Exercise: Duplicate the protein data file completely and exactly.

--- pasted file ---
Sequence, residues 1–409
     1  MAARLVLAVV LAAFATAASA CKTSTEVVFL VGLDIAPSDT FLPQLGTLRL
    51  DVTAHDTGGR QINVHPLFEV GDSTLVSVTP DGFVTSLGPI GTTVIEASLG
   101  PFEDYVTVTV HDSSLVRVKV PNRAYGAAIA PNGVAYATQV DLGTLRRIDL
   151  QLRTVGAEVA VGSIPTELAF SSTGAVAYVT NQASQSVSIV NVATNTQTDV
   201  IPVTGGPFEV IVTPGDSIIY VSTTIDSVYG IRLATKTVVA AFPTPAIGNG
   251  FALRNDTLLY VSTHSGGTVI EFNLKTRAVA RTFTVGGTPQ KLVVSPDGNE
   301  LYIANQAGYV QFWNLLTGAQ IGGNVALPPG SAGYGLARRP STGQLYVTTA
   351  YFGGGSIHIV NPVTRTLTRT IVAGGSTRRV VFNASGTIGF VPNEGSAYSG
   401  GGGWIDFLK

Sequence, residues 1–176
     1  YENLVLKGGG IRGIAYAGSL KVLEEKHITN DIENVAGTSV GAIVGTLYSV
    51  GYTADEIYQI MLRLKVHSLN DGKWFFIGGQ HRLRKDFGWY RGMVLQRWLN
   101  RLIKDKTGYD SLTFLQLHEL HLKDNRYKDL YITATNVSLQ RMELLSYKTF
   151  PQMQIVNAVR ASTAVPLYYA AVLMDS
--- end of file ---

Sequence, residues 1–409
     1  MAARLVLAVV LAAFATAASA CKTSTEVVFL VGLDIAPSDT FLPQLGTLRL
    51  DVTAHDTGGR QINVHPLFEV GDSTLVSVTP DGFVTSLGPI GTTVIEASLG
   101  PFEDYVTVTV HDSSLVRVKV PNRAYGAAIA PNGVAYATQV DLGTLRRIDL
   151  QLRTVGAEVA VGSIPTELAF SSTGAVAYVT NQASQSVSIV NVATNTQTDV
   201  IPVTGGPFEV IVTPGDSIIY VSTTIDSVYG IRLATKTVVA AFPTPAIGNG
   251  FALRNDTLLY VSTHSGGTVI EFNLKTRAVA RTFTVGGTPQ KLVVSPDGNE
   301  LYIANQAGYV QFWNLLTGAQ IGGNVALPPG SAGYGLARRP STGQLYVTTA
   351  YFGGGSIHIV NPVTRTLTRT IVAGGSTRRV VFNASGTIGF VPNEGSAYSG
   401  GGGWIDFLK

Sequence, residues 1–176
     1  YENLVLKGGG IRGIAYAGSL KVLEEKHITN DIENVAGTSV GAIVGTLYSV
    51  GYTADEIYQI MLRLKVHSLN DGKWFFIGGQ HRLRKDFGWY RGMVLQRWLN
   101  RLIKDKTGYD SLTFLQLHEL HLKDNRYKDL YITATNVSLQ RMELLSYKTF
   151  PQMQIVNAVR ASTAVPLYYA AVLMDS